Perform with Passion Part Four: Singer

April 29, 2016

 Welcome to part four of my Perform with Passion series!  Today I will be hitting the most able, but often flawed performers: singers.  While many may think that this group has it the easiest, they have the most responsibility when it comes to performance.

 

When I ask other singers what performance means to them, they usually mention a lot of movement, crowd interaction and other very over-the-top methods.  While I am not against working up a good sweat, every performance should not be an aerobic workout.

 

The band starts playing a hype song?  Instead of jumping around, losing your breath (and eventually disabling your vocal ability) stand perfectly still, plant yourself, and give an intense glare to the crowd for the first few 8 counts.  Then you can be the ball of energy you want to be.  

 

Let's talk about hybrids for a moment.  Singer-Dancers are very common, but very few can actually do both.  What normally happens is the singer sings a few bars, then dances a choreographed routine.  This would be the smartest way to handle dancing and singing live.  Many people have not mastered the art of breathing properly and cannot do both simultaneously.  If you can do it, then go for it.  If not, use the method earlier described.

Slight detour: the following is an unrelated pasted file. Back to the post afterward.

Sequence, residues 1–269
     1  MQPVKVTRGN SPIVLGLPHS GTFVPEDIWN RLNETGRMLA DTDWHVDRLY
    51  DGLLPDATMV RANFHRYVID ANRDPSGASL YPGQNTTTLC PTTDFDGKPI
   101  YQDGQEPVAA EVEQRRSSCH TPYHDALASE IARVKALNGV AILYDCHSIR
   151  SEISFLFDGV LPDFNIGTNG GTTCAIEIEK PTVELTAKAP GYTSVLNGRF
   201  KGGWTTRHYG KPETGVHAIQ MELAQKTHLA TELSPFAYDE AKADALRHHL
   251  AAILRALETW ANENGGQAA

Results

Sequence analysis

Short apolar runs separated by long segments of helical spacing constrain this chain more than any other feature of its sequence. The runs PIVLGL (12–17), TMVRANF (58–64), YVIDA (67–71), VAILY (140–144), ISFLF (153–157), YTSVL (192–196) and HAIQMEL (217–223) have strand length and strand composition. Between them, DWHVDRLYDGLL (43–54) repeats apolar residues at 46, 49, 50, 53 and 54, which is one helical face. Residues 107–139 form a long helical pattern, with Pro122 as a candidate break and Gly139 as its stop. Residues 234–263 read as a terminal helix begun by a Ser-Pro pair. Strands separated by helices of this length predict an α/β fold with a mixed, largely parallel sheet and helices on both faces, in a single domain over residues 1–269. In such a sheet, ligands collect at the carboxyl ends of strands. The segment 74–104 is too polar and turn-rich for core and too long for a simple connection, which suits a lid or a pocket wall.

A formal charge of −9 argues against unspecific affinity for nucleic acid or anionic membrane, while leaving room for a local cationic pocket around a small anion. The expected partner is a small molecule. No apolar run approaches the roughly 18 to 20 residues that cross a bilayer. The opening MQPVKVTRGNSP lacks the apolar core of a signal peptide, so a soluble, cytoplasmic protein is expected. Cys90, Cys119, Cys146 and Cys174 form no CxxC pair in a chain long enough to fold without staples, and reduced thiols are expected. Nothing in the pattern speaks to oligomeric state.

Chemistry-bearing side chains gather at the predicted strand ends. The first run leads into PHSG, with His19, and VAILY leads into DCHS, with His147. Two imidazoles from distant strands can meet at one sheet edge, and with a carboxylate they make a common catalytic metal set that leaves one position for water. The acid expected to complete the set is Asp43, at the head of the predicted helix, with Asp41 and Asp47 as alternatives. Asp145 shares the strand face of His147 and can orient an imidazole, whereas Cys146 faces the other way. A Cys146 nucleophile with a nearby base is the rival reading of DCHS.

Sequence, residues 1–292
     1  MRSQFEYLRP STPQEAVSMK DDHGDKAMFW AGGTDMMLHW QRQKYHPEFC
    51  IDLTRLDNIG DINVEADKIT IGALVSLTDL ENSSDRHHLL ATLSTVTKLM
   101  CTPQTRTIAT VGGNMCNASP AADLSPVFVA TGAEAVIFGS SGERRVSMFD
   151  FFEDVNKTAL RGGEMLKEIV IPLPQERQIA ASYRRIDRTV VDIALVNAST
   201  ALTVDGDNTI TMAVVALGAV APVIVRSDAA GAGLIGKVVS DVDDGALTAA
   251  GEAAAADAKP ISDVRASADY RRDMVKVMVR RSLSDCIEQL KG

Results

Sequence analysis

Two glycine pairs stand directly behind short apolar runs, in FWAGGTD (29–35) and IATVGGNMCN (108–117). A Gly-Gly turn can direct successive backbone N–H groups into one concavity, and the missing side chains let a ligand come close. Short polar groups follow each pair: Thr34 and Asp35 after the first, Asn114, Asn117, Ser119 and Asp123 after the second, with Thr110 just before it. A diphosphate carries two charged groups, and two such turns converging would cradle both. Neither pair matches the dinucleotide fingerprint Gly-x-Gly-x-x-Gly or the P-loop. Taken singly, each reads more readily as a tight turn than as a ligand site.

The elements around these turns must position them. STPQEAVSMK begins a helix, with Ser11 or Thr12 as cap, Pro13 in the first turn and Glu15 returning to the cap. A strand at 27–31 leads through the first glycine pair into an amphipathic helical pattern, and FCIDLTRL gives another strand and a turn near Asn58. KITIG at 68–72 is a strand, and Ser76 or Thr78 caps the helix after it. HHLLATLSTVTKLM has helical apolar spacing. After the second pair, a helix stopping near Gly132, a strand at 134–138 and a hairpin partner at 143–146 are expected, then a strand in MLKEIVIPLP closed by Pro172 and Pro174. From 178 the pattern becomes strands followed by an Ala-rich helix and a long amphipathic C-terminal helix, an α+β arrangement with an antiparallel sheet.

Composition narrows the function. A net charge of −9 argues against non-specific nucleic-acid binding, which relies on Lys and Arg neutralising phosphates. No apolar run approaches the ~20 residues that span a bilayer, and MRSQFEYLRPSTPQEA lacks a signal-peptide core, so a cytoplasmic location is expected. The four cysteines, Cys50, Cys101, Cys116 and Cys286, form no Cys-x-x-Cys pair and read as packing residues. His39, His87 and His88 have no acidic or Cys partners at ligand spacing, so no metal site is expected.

The next hybrid is the Singer-Instrumentalist.  Again, this is a common group, more so than the previous set.  For this group, stationary performance is the key.  Mastering intense glares, "vibing" to a song, interaction with band members, and drawing the audience in, is vital.  If you fit this group, make sure there is a moment in your show when you step away from your instrument and just sing.

 

Now that we have a few general rules, here are some tips to being a great vocal performer.

 

1.  Never forget your craft

While it can be easy to get caught up in other aspects of performing like lights, the band, etc, never forget that you are a SINGER.  Make your vocal ability and talent the frontman.  People are coming to watch you perform, yes, but they will not forget if you sounded like crap.  Don't sound like crap.

 

2.  Less is more

Learning to sell a song without movement is a great tool in any singer's arsenal.  By standing still and selling a song, you are able to catch your breath while still providing intensity and energy.  If you want to switch it up, dance for a bit, go out into the audience, interact with your band, but never reach your 100% by the middle of song.  If you have reached the top, how can you go higher?

 

3.  Know your body language

If you must, practice your ENTIRE set in front of your mirror at home.  Look at the angles you hit.  How does your body look when you sing ballads?  Is your stage glare more sexual-predatorial than intense?  FIX IT!  Even more so than the crowd, a band will take cues from you.  If your body is tense, the band will play with suspense which when released, will pour out a large amount of energy that the audience will LOVE.

 

No matter the level of skill, every performer needs to learn one major skill; that is connecting with an audience.  Tune in for part five, where I will be wrapping up this series!

 

 

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